One of the most respected authorities on Adolf Hitler, Dr. Ian Kershaw, sums up the Nazi view of history as a “racial struggle, in which the highest racial entity, the Aryan, was being undermined and destroyed by the lowest, the parasitic Jew.”7 In Hitler’s mind the Soviet Union was the real-life, political representation of Jewish Bolshevism. This ideology put Germany, ruled by Hitler, and Bolshevik Russia in a fateful juxtaposition. With this new ideology, Germany experienced a shift in foreign policy, from protecting and expanding national interests to creating, at all costs, a new European order. Additionally, this new foreign policy was backed by the perception that constant war was beneficial for the vigilance of the German people. In other words, the absence of war will make the German people lazy.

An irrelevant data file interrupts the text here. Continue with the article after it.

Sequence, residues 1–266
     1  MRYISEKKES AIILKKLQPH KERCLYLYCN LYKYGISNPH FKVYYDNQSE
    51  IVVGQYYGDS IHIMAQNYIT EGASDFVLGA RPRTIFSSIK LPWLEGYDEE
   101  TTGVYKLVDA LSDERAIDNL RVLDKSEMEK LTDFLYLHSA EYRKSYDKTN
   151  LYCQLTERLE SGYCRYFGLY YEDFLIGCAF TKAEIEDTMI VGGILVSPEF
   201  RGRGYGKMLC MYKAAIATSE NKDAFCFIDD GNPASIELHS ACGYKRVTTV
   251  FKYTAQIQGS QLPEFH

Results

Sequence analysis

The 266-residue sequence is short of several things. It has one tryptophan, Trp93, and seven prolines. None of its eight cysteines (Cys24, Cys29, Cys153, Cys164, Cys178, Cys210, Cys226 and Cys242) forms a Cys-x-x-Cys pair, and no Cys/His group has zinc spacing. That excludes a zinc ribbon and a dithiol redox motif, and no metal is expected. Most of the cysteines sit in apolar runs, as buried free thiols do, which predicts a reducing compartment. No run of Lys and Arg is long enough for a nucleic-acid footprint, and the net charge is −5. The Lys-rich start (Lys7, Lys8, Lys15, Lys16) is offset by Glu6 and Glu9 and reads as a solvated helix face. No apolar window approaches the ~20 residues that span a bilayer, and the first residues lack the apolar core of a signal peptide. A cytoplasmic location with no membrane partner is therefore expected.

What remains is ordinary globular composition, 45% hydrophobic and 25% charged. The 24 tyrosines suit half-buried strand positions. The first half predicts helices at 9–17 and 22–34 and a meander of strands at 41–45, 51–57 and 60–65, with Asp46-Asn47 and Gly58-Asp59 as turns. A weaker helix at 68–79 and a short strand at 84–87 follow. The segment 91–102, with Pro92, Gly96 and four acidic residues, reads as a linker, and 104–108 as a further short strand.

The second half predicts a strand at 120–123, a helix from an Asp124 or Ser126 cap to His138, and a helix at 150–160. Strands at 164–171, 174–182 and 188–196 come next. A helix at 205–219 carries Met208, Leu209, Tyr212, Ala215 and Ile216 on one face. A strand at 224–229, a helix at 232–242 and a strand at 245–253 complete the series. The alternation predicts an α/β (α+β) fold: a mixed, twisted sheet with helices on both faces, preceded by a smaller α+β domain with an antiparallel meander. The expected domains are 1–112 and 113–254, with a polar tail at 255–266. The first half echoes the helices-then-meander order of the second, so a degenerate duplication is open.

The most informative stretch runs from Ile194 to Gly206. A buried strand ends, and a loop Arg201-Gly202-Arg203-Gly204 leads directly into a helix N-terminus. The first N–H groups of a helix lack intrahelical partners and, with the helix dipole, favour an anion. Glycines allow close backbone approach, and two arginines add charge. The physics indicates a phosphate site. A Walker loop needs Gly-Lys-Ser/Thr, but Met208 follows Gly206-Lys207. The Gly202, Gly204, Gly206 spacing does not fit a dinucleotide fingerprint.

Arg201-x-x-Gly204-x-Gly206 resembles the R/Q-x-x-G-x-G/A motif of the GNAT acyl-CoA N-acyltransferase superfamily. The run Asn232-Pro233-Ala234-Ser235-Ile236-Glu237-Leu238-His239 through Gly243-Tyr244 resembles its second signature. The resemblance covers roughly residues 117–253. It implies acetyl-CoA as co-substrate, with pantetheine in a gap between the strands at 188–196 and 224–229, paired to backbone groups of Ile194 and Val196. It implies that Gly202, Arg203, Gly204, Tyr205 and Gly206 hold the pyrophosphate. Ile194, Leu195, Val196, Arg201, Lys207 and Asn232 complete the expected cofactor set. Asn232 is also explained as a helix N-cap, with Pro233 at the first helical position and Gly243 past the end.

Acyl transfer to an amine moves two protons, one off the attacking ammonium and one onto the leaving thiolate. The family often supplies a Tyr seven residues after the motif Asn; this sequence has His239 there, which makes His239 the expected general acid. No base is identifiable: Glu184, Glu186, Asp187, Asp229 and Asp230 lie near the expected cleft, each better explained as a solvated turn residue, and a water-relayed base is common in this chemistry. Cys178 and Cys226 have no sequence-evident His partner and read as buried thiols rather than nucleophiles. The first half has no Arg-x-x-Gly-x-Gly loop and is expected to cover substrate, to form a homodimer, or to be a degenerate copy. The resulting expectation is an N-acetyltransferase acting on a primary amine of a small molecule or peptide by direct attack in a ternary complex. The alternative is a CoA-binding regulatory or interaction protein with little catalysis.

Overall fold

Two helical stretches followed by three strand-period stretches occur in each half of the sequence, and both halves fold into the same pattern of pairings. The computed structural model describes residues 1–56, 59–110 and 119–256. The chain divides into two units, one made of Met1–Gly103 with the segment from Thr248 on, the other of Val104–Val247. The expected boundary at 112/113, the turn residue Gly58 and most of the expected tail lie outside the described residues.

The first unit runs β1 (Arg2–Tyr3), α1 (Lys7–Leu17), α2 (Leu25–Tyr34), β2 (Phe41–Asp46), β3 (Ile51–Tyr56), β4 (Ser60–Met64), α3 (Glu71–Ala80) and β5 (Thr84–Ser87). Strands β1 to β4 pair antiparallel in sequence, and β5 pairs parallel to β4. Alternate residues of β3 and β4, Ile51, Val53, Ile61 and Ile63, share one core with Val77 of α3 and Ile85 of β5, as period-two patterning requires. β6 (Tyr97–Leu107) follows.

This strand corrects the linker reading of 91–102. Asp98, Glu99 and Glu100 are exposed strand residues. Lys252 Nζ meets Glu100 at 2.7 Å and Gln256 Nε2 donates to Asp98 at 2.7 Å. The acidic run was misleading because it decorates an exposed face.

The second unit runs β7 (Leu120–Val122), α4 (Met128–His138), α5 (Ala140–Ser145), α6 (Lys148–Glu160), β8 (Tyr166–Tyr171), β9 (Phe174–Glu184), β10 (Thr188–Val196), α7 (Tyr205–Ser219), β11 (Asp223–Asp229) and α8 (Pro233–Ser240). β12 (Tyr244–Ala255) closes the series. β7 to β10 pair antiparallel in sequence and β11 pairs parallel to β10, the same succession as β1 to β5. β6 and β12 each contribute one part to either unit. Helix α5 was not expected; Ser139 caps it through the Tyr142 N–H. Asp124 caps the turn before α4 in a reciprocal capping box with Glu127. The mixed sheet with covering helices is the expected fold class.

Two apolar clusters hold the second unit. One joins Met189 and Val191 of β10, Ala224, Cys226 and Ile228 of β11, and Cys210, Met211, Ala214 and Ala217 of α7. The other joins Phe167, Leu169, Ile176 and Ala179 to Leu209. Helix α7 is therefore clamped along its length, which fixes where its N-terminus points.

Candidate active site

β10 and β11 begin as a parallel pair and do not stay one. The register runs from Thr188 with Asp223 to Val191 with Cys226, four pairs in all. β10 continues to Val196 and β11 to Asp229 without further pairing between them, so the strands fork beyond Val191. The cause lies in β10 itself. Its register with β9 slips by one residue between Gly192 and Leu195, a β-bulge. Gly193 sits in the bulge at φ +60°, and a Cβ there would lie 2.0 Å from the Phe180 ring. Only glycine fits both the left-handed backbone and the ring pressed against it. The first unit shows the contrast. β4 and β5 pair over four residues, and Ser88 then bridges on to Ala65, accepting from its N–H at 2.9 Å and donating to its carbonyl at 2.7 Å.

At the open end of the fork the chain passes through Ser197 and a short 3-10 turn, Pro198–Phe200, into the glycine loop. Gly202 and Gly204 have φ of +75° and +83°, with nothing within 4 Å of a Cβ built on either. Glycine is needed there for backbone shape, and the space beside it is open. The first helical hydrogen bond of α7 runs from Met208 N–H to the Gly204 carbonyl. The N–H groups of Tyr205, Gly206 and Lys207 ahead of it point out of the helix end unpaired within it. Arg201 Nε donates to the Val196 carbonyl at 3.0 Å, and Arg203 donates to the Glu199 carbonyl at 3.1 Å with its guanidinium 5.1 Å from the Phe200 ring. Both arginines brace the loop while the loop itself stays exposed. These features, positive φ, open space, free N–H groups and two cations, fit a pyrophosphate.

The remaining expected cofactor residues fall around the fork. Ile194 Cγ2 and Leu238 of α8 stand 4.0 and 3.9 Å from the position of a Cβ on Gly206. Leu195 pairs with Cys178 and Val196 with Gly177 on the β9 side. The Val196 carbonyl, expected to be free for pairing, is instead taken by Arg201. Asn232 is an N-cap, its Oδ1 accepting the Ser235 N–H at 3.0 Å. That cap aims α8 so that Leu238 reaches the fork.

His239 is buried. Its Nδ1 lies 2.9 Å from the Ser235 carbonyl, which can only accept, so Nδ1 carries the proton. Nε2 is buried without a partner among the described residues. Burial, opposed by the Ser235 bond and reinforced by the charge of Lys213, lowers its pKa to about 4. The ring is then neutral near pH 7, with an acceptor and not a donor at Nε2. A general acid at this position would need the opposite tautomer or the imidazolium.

Russia’s territory had been in Nazi sights ever since Hitler joined the young political party. When at Landsberg Prison, in 1924, Hitler made his opinion of Russia’s destiny clear. In his autobiography, Mein Kampf, Hitler laid out the essence of his future foreign policy, “Territorial policy cannot be fulfilled in the Cameroons (commenting on the Kaiser’s strategy before World War I to expand in Africa) but today almost exclusively in Europe.”8 The fact that Europe was already occupied did not bother Hitler, “…nature has not reserved this soil for the future possession of any particular nation or race; on the contrary, this soil exists for the people which posses the force to take it.”9 Such unambiguous quotes make it clear that Hitler intended to invade Russia, his justification simply resting on Germany’s ability to win the war. The moment this sort of rationality was armed with the world’s most effective military and applied to Germany’s grand strategy, the stage was set for what Hitler predicted as the “greatest battle in history.”10 Hitler’s attitude towards Russia went far beyond conventional political science theory applicable to modern foreign relations. His ideology and misperception damned Germany and the Soviet Union to war.